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Abuk Garang Garang and her children eats vegetables she bought from the local market together with sorghum after receiving cash and cereal distribution. More than 3 million people have received assistance as part of WFP’s lean season response in 2023 WF1778533: Abuk Garang Garang uses cash she received from the distribution site to buy some basic items in a local market. Cash gives beneficiaries the choice to choose what to buy. It also injects money into local the economy thereby powering local trade. WF1778529: Abuk Garang Garang feeds her youngest child Deng Ngor in her home. As part of the response, Children below the age of 5 years and pregnant and lactating women are also receiving life-saving nutrition assistance throughout the year. Photo Credit: All photos should be credited WFP.

Feeding the hungry as food insecurity bites: How the European Union is powering WFP to cushion people from hunger in South Sudan

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By Musa Mahadi

Abuk Garang is in cheerful mood with a huge smile plastered across her face, her children are in similarly high spirits and playing together outside their small house in Halbul, Aweil East.

The reason for the joy spreading through the household is the knowledge that today they’ll be able to eat two full meals as Abuk, a 38-year-old farmer and mother, is preparing to head out the door to a food and cash distribution. While it may not seem like a big deal, two meals at this time of the year is more or less a luxury in Abuk’s village which struggles with climate extremes throughout the year that severely impact food security.

“I am staying alone with my children and earn a living by cultivating on people’s farms. But this year there is drought that’s affecting our crops so I don’t know what harvest I will get,” she explains.

This year Abuk was registered to receive food and cash assistance throughout the lean season in Aweil for the first time as her crops failed and she found herself without the resources to feed herself and her family. More and more families are finding themselves in the same positions and in need of humanitarian assistance as a toxic combination of conflict, the climate crisis, and soaring food costs are driving them toward hunger.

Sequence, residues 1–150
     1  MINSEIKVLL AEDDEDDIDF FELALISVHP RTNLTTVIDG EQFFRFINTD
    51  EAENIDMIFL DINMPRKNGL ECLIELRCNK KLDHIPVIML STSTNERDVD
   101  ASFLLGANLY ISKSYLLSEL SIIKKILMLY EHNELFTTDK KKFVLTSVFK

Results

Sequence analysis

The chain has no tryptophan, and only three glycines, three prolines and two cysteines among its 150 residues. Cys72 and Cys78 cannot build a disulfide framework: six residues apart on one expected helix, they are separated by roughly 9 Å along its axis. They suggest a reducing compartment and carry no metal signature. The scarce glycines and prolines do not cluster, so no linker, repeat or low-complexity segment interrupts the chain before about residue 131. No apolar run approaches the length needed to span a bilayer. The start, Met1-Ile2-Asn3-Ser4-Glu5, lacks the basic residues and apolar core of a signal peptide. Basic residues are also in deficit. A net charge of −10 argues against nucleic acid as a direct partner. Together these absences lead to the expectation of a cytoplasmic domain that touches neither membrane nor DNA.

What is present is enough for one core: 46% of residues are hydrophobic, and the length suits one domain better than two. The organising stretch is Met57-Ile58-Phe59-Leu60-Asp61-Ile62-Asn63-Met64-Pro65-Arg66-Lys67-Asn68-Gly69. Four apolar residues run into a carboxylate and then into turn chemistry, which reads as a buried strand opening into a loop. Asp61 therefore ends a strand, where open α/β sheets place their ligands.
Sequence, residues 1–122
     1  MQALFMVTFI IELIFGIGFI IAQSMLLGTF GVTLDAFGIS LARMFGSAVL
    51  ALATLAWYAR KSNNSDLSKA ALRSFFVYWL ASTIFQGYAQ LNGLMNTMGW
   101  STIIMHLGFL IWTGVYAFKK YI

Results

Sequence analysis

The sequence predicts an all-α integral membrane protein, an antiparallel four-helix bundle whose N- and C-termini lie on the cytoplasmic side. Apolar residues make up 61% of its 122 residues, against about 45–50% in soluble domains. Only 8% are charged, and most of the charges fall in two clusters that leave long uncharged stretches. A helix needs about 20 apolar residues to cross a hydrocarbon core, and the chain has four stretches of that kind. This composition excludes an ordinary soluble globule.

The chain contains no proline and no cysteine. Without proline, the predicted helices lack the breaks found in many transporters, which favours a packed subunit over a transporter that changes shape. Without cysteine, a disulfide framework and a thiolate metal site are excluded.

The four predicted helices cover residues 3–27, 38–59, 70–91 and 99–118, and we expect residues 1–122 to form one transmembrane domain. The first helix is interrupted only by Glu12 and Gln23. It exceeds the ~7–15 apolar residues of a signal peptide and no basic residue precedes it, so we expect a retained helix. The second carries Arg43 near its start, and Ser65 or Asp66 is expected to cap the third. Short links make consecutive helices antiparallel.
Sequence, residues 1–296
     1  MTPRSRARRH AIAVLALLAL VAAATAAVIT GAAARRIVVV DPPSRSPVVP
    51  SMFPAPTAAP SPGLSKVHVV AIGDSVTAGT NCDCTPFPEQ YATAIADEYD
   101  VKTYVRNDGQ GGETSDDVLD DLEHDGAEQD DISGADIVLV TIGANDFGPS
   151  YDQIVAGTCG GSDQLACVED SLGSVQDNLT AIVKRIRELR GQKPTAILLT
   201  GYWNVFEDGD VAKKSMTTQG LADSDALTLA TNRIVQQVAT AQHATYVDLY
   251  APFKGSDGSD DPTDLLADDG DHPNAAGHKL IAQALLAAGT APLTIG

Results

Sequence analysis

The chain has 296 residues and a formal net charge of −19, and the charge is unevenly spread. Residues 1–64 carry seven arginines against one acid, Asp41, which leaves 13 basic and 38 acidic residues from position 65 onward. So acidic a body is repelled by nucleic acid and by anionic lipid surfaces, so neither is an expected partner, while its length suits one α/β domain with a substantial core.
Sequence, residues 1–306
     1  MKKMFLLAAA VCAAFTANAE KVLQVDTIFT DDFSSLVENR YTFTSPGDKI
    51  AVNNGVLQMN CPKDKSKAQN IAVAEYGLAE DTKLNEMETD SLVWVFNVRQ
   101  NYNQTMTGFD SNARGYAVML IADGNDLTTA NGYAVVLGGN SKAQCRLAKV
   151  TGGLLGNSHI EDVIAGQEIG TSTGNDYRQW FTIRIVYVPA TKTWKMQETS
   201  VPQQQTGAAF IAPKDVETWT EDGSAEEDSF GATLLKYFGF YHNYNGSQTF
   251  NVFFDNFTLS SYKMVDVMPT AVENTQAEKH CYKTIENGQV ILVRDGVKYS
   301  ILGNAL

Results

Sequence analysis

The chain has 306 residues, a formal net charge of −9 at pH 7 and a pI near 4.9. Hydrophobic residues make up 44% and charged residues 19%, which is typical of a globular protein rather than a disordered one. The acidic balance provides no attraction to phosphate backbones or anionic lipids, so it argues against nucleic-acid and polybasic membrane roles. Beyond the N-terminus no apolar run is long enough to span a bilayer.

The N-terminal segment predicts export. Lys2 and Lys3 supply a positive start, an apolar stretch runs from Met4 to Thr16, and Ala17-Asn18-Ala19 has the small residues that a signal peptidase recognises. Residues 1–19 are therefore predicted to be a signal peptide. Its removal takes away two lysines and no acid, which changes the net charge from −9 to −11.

In Northern Bahr el Ghazal, the peak of the lean season falls around July and August when heavy rains can damage roads and cut-off entire communities or supply routes. Often during this time the cost of staple foods such as sorghum, maize, and lentils is high, even more so this year after fighting in Sudan caused major disruptions to cross border trade.

During the lean season, many families have only one meal in a day while others may not even be able to afford that.

“In July household food stocks are already depleted,” says Yolanda Ile WFP’s Deputy Head of Programme in Northern Bahr el Ghazal state. “Food assistance remains a lifeline for their survival.”

In 2023, the European Union, through the EU’s Civil Protection and Humanitarian Aid Operations Department (ECHO), provided EUR 11 million (USD 11.8 million) to the United Nations World Food Programme (WFP) to help save lives through the lean season in South Sudan by mitigating the impact of food insecurity with supplementary food and cash assistance.

In Halbul, Abuk lines up to receive her entitlements. First, she’s provided with cash which she can utilize as she wishes and then she receives her cereals, today it’s sorghum.

Cash assistance is increasingly becoming a preferred method of humanitarian assistance, economically empowering families, particularly women, and supporting local markets and trade which benefits the entire community.

After taking her sorghum home, Abuk heads straight to the market to buy some of her family’s favourite foods. Today she’ll make posho, locally known as asida, with korofo, a sauce made from fresh greens and groundnut paste, two ingredients she’ll buy from the market.

Having the freedom to buy what she needs, when she needs it, has allowed Abuk to concentrate on her upcoming harvest, trying to salvage what she can despite the conditions. To support her with this, WFP has provided Abuk and her fellow community members with training on how to improve agronomic practices and implement climate smart agricultures, all of which helps increase vegetable production.

“This assistance and training has really helped me a lot and without it life would be very difficult,” Abuk says as she calls Ngor, her first born son, to organize plates for their meal. “If I have a good harvest, I will support another person that needs help. I have been helped a lot and I’d like to do the same for another person.”

More than 3 million people have received assistance as part of WFP’s lean season response in 2023, including more than 200,000 across Northern Bahr el Ghazal. Children below the age of 5 years and pregnant and lactating women are also receiving life-saving nutrition assistance throughout the year.

South Sudan is facing one of its hungriest years since independence, with some 7.76 million people in crisis or worse levels of hunger (IPC3+), meaning food assistance remains a lifeline for many families across the country. The assistance is only made possible thanks to support from generous donors like the European Union.

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